Dr. Armenta Early Hinton: Diversity & Inclusion is Part of my Identity

When you’re a child whose house is just around the corner from Dr. Martin Luther Jr.’s family, like Dr. Armenta Early Hinton once was, advocating for diversity and inclusion becomes a part of you.

The 2013 graduate of Antioch’s Leadership and Change PhD program, and director of Diversity & Inclusion and Title XI coordinator for Elizabethtown College in Pennsylvania, has pursued other interests and talents throughout her life — she earned a B.F.A. in music history and piano, and studied for a master’s in music, served for five years on the board of the Birmingham Royal Ballet, and was the chair of the education committee for the Birmingham Symphony orchestra — but she keeps coming back to what you might call her “home” —working toward equity for students.

“I don’t know how to do anything else. I have other skills but something always draws me back to diversity and inclusion and equity,” said Hinton. “It is a part of my identity.”

Hinton grew up in “a very segregated” Montgomery, Alabama “the bedrock of the civil rights movement,” she said. For the first 12 years of her education she attended all-black Catholic schools and went on to earn her first degree at the historically black college, Alabama State University — the same campus where her parents met and earned their degrees (called Alabama State College at the time). Her parents were both teachers at all-black schools in Alabama and segregation was part of her reality. Her mother was a third-grade teacher and an assistant principal at a primary school in Lowndes County —which is one of the poorest counties in Alabama — and her father was a math teacher at Hudson High School in Selma, Alabama.

Throughout her childhood, particularly during the height of the United States civil rights movement, and into adulthood, Hinton developed a keen awareness of the division between the races in the South and across the country, and “realized who she was in America.”

After living in Europe for 16 years, Hinton started to think about earning her PhD, driven by a commitment to education and learning that was instilled in her by her parents and a desire to become a more nimble leader.

“My family valued education and made it such an important part of our lives that I couldn’t do anything else,” said Hinton. “When I got back to the US I felt a deficit. After reentering America again after being away for 16 years I felt that I needed to continue my education and be better prepared for a climate that hadn’t changed and didn’t feel inclusive.”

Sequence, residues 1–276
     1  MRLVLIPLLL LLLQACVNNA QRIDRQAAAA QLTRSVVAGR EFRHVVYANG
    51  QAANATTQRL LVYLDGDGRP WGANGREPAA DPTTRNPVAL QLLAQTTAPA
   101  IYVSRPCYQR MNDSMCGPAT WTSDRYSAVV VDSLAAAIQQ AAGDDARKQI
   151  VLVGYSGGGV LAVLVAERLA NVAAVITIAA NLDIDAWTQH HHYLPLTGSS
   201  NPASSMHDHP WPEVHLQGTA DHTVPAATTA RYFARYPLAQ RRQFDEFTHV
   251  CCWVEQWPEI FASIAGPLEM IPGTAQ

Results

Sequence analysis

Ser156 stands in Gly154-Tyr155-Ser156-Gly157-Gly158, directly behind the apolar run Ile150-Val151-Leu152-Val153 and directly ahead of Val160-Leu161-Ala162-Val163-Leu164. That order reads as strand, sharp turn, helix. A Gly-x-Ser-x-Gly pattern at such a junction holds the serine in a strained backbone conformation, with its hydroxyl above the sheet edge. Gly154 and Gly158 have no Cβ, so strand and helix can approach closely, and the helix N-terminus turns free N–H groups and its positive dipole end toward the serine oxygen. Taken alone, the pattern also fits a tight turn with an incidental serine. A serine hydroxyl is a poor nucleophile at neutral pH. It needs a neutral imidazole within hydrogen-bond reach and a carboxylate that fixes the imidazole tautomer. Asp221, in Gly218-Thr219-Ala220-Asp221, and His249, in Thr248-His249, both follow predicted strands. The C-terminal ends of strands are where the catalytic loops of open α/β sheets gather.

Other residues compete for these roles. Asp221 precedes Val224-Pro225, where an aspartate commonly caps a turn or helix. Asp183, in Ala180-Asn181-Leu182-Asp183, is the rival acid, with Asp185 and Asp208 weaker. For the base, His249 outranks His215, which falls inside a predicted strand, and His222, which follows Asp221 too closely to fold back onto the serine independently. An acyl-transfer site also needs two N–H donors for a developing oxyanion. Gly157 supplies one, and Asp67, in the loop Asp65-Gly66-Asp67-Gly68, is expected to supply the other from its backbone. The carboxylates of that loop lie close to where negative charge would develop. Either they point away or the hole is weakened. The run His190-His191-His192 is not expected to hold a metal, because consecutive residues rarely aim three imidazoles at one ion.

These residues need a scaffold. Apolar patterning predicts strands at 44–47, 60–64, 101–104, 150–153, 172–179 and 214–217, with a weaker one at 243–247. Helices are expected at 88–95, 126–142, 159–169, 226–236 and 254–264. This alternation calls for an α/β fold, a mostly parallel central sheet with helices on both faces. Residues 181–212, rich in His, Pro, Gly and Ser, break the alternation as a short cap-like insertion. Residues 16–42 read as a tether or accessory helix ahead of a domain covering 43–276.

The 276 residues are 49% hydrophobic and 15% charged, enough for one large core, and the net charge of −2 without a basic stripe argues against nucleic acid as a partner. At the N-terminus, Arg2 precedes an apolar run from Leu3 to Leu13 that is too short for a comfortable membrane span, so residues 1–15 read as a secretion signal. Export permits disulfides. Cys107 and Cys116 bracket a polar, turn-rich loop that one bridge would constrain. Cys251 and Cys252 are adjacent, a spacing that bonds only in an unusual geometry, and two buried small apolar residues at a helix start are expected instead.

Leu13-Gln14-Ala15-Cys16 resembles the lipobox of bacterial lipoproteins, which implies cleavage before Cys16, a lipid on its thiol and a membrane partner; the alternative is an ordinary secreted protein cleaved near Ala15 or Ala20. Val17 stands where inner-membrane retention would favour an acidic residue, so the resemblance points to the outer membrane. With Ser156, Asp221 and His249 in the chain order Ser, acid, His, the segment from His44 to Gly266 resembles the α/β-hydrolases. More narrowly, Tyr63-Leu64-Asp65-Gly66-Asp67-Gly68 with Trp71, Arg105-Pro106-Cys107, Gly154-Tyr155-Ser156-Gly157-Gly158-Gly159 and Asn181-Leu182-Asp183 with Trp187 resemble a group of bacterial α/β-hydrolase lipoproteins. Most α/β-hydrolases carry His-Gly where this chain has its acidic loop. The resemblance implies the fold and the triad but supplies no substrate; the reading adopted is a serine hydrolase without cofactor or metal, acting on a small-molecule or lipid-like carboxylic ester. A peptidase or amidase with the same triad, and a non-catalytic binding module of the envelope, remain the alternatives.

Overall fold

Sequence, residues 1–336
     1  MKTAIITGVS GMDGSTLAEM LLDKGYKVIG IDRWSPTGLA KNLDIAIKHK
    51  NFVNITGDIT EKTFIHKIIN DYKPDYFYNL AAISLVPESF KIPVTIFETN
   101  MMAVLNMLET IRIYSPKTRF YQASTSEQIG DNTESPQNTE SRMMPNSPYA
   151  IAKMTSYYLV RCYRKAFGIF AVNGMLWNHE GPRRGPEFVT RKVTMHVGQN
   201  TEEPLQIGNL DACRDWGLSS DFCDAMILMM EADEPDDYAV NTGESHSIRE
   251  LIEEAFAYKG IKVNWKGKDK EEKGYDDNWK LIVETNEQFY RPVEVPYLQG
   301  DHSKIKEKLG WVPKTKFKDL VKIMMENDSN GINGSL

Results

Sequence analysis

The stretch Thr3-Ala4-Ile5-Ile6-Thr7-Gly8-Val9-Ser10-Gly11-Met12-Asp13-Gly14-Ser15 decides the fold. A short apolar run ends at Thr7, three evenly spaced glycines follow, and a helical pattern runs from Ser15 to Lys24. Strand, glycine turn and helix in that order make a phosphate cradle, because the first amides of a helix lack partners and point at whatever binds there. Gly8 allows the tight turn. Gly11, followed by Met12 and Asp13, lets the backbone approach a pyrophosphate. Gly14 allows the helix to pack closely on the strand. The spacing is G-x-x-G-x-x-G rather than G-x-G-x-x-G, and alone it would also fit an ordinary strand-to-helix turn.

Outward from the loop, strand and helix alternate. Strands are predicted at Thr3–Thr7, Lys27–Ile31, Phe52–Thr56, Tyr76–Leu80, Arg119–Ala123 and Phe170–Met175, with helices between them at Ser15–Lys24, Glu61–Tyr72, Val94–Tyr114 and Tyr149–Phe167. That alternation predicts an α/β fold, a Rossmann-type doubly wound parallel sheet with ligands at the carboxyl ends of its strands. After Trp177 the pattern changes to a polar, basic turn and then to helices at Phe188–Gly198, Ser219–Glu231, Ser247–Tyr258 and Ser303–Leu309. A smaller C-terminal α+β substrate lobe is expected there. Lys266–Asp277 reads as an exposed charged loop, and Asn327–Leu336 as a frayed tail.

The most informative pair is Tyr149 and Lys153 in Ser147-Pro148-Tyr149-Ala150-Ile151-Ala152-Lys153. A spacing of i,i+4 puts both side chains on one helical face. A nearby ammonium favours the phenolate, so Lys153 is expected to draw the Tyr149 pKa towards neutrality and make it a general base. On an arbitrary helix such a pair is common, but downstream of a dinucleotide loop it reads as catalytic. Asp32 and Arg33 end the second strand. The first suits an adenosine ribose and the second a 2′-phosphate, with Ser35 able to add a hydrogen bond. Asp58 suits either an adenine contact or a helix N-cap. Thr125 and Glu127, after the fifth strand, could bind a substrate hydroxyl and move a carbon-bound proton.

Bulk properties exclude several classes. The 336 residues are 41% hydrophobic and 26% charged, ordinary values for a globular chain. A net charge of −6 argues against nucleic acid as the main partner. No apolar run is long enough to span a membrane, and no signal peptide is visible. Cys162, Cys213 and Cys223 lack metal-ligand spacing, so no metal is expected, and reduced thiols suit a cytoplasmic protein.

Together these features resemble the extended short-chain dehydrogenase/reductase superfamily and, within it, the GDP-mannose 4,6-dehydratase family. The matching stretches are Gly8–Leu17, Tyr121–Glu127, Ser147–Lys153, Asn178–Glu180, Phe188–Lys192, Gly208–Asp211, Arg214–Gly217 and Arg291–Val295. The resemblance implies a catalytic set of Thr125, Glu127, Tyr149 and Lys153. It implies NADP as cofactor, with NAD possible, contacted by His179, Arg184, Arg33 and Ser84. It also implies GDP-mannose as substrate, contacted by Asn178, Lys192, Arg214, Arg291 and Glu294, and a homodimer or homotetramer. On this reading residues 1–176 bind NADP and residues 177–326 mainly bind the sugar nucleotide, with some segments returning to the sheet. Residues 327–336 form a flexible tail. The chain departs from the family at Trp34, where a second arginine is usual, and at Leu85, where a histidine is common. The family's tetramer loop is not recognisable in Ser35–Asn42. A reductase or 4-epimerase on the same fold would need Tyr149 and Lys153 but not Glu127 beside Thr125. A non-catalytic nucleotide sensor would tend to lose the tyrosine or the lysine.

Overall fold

She chose Antioch because of its dedication to social justice, with the aim of learning more about what she calls the “dual education system in America” and segregation issues, which became the focus of her dissertation.

Hinton said she put that knowledge into practice throughout her career and most recently in the role that she has held at Elizabethtown College for the last five years, where her job is to lead the campus on issues of Diversity & Inclusion and Title IX (a federal civil rights law that was passed as part of the Education Amendments of 1972, which protects people from educational discrimination based on sex).

Some of her achievements have been institutionalizing MLK celebrations and bringing equitable Greek-life options to students by creating avenues to charter black Greek-life organizations at Susquehanna University in Pennsylvania.  At Elizabethtown College, she started a program for faculty in 2018, which provides them with resources to develop their interests in Diversity & Inclusion. The Diversity Faculty Fellowship includes stipends and time for research. One fellow is working on a project in universal design — creating a classroom environment that is accessible to all people, regardless of age, disability, or other factors. Hinton is also a recipient of a Torch of Global Enlightenment Award from the World Affairs Council.

She credits her parents for her love of education and focus on diversity, inclusion, and social justice. She said that through this work she is helping to make sure that people can bring their best selves to the table, and celebrate their diverse talents.

 

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Antioch University

Since our founding 1852, Antioch University has remained on the forefront of social justice, inclusion, and equality – regardless of ethnicity, gender, creed, orientation, focus of study, or ability.

Antiochians actively reflect these shared values to inspire positive change in the world. Common Thread is where we document the stories that showcase our communities actions, so the change we work for can be shared widely.  

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